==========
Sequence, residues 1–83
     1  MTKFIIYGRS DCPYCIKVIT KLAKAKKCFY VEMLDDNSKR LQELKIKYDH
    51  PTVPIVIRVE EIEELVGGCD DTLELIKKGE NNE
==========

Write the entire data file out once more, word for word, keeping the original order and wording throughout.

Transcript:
Sequence, residues 1–83
     1  MTKFIIYGRS DCPYCIKVIT KLAKAKKCFY VEMLDDNSKR LQELKIKYDH
    51  PTVPIVIRVE EIEELVGGCD DTLELIKKGE NNE